Skills and education
Addressing Europe’s skills gap is vital to the continued success of Europe’s games industry, and to ensuring that games remain a catalyst for learning, innovation and transformation.
Europe needs high-value jobs to remain competitive and to drive innovation in the digital sector. National surveys show that programming talent is the most difficult skill to recruit.
Video games can also support in closing the gender gap. According to Anesa Hosein, Senior Lecturer at the University of Surrey, girls that play video games are three times more likely to engage in a STEM degree than those who don’t play.
Video Games Europe and its membership across Europe call for policies that support coding in the classroom – such as the EU’s Code Week and Digital Education Action Plan. These EU initiatives are crucial, and must help to encourage action at national level.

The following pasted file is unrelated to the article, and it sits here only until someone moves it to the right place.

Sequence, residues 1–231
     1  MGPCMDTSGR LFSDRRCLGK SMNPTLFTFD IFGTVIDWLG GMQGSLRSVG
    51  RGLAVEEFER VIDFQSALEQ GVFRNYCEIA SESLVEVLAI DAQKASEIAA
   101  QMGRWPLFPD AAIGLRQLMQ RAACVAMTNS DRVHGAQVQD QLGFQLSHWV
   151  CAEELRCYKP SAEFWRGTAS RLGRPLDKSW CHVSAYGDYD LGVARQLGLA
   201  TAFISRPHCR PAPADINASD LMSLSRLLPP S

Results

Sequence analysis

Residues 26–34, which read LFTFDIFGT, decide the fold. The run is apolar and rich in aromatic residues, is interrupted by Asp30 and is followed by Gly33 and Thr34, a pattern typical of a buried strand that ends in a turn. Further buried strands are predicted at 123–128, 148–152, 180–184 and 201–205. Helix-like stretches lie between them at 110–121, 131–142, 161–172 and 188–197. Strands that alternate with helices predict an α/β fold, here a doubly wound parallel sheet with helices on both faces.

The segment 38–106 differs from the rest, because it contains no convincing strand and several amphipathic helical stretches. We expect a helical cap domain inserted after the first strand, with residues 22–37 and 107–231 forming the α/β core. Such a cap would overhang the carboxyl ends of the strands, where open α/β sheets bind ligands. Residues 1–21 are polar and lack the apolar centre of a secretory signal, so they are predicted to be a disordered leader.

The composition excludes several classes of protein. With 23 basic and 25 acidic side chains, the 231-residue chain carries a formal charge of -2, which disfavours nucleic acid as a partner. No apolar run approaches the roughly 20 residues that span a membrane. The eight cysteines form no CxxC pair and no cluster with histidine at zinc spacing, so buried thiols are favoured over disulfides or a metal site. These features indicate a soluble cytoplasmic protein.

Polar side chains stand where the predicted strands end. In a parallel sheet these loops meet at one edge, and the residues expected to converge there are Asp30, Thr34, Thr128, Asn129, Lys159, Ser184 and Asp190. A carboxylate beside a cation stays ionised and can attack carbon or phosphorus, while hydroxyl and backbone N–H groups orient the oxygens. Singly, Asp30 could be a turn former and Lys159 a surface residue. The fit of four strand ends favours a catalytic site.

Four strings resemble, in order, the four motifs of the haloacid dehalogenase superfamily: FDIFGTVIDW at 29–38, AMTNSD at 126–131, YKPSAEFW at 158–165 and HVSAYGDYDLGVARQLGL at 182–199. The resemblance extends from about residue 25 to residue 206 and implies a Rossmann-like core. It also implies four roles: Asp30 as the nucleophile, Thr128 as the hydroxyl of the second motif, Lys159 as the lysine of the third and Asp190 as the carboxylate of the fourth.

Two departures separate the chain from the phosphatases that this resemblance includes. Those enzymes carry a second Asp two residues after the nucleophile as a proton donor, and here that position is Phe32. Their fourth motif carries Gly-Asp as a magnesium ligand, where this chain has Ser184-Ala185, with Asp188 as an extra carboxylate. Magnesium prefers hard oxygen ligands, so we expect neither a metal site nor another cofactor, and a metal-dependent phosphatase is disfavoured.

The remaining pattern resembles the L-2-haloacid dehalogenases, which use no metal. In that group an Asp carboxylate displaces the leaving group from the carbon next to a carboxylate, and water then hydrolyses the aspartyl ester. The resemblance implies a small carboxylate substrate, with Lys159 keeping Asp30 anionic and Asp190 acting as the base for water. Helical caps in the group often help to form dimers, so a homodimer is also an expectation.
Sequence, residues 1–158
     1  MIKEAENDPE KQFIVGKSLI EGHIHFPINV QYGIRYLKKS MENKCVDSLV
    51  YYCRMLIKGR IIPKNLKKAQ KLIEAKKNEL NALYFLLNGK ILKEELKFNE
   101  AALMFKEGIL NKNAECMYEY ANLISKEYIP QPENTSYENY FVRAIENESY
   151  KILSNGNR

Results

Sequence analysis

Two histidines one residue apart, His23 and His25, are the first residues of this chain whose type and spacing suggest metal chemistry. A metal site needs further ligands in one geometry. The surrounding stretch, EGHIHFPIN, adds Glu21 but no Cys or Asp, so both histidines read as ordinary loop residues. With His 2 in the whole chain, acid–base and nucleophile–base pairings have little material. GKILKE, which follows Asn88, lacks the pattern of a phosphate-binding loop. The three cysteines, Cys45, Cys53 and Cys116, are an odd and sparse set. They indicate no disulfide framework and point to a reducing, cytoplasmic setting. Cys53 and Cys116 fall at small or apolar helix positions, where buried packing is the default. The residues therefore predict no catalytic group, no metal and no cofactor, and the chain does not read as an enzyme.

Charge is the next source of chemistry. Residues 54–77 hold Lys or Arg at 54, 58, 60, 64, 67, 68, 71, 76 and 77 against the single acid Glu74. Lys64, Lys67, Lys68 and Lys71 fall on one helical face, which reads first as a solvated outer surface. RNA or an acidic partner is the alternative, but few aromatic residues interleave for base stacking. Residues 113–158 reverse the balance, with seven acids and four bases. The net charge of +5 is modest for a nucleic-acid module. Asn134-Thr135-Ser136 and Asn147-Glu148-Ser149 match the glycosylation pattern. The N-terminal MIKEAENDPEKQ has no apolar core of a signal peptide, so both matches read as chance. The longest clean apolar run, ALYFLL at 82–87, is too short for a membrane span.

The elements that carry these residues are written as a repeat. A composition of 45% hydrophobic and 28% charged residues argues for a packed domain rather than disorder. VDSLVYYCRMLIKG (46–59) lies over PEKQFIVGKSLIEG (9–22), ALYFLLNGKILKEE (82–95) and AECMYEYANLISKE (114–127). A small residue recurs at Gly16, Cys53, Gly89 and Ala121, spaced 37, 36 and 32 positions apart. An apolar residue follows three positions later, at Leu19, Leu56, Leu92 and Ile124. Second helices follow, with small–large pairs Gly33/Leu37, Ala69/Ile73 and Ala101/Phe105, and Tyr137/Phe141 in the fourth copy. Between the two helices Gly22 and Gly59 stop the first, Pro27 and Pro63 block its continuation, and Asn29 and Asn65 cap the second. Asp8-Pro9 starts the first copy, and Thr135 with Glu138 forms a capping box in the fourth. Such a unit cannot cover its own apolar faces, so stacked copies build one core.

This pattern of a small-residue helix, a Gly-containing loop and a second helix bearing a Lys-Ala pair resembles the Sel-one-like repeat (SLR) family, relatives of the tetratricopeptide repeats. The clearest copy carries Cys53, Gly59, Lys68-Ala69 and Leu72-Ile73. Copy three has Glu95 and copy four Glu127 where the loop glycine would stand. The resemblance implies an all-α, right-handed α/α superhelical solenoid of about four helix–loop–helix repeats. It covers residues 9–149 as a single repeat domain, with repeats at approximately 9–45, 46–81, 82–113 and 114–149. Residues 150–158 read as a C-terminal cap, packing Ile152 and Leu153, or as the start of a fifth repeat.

Video games have the potential to transform teaching and bring new benefits to learning. They can help achieve EU policy objectives, such as those set out in the European Framework of Key Competences for Lifelong Learning. Learn more about how video games benefits education in our dedicated section of our website and through Games in Schools, a joint project by Video Games Europe and European Schoolnet, the network of 34 Ministries of Education, to promote game-based learning to teachers. In 2019, more than 3,900 teachers and educators across Europe registered to the project, training them on how to use video games as pedagogical support in the classroom.